Middle East in Nuclear Race To Match Iran
Ã‚Â· Anxiety over success in enriching uraniumÃ‚Â· US forced to deny Bush has plan to attack Tehran
Iran's pursuit of uranium enrichment in defiance of UN security council resolutions has increased tensions with the US. Yesterday, Israel army radio reported that a senior US administration official told the Israeli government during last week's presidential visit that George Bush and Dick Cheney still intended to mount military action against Iran.
The White House dismissed the report, saying it remained committed to diplomacy and economic pressure to force Iranian compliance.
Iran's success in enriching uranium, which Tehran insists is purely for peaceful energy generation, has caused anxiety in Israel, which has an undeclared nuclear arsenal, and across the Arab world. Between February 2006 and January 2007, twelve Arab states and Turkey declared their interest in developing nuclear energy .A report by the International Institute for Strategic Studies (IISS) said the resurgence of interest brought with it the risk of a "proliferation cascade" of nuclear arms across the region.
The IISS report, Nuclear Programmes in the Middle East - In the Shadow of Iran, said the proliferation threat is "real but not imminent". There are still financial and technical obstacles to building nuclear reactors, and not necessarily a direct link between building civilian reactors and making bombs. However, the motivation was in almost all cases driven by strategic goals rather than energy requirements, the report concluded.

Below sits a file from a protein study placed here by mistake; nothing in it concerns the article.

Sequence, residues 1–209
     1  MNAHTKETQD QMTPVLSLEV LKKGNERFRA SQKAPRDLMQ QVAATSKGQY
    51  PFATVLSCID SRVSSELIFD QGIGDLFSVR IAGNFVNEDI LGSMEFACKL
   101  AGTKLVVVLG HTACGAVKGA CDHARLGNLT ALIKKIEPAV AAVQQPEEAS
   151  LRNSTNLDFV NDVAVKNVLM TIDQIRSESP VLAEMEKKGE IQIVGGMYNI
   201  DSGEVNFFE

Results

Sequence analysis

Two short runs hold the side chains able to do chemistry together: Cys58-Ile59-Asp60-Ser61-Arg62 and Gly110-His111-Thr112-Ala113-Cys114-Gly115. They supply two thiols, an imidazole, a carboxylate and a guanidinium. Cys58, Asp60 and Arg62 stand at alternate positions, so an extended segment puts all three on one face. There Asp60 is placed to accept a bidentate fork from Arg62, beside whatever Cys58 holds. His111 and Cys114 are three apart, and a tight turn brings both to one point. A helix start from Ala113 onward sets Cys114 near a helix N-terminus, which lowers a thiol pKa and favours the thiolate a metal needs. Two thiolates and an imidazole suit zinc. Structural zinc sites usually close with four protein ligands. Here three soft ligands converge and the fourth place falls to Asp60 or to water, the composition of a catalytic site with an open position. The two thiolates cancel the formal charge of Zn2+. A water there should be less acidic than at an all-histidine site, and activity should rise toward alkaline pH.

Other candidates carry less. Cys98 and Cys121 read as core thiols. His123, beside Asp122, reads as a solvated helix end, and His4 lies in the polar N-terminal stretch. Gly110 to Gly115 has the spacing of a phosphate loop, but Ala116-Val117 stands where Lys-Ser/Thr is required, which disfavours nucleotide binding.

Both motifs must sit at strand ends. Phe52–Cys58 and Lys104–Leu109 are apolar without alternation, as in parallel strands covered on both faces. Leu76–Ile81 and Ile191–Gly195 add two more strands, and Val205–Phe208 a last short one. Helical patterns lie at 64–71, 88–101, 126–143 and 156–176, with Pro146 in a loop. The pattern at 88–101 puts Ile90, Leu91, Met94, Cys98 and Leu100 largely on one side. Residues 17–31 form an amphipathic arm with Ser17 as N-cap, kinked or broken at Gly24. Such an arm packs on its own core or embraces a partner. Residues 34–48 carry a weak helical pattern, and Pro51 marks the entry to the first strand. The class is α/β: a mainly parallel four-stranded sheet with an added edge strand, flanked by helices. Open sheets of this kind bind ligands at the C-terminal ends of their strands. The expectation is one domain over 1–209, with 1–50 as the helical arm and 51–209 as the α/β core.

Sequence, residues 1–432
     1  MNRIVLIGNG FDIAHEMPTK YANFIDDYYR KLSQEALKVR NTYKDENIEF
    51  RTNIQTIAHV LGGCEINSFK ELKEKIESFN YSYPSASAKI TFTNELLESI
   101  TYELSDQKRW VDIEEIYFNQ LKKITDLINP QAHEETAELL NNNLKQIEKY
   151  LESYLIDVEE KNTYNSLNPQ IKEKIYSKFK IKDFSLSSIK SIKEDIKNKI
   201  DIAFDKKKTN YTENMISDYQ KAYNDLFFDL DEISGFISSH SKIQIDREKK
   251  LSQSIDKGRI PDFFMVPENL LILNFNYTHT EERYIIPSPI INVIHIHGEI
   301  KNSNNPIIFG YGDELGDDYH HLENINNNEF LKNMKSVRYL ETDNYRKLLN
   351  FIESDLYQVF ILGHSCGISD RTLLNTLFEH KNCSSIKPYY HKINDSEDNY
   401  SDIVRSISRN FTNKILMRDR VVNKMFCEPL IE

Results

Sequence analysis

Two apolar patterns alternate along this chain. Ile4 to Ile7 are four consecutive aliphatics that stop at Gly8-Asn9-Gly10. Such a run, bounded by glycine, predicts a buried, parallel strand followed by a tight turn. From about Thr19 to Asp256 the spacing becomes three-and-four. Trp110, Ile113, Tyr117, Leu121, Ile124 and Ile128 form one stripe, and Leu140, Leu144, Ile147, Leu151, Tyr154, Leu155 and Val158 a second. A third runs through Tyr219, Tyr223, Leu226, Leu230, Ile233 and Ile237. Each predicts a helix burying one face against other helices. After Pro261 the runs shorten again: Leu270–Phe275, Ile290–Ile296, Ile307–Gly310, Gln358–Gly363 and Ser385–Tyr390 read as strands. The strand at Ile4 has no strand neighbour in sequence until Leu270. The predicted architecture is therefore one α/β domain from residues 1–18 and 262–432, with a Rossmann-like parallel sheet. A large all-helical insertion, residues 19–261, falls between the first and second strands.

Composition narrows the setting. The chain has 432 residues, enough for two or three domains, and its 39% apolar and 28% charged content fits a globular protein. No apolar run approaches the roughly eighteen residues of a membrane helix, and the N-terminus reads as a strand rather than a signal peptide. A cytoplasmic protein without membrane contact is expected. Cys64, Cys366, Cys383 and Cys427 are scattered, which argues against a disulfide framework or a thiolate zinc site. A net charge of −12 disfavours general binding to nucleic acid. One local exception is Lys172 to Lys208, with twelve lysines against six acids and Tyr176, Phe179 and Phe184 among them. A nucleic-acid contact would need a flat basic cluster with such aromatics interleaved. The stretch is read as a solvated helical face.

"So far, none of the new nuclear aspirants in the region has been known to talk even privately about seeking nuclear weapons, at least for now," it said. "What they want is the human and technical infrastructure associated with nuclear-energy programmes in order to provide a counterbalance to Iran, both laying the ground for a possible future security hedge, and bestowing national prestige in the context of historic rivalries."
The extent of nuclear ambitions varies. The United Arab Emirates and Libya have signed nuclear cooperation agreements with France. Bahrain concluded a similar understanding with the US. Turkey, Morocco, and Egypt plan to have power plants within the next decade.
Last September Yemen announced a $15bn deal for an American company to build five reactors, but cancelled it when an anti-corruption taskforce examined the deal. Tunisia is conducting a feasibility study, while Algeria, Jordan and Syria have declared intentions to pursue nuclear energy.
Last September, Israeli bombers destroyed a building in Syria which Washington subsequently claimed was a nuclear reactor nearing completion with North Korean aid. Syria denied this.
© 2008 The Guardian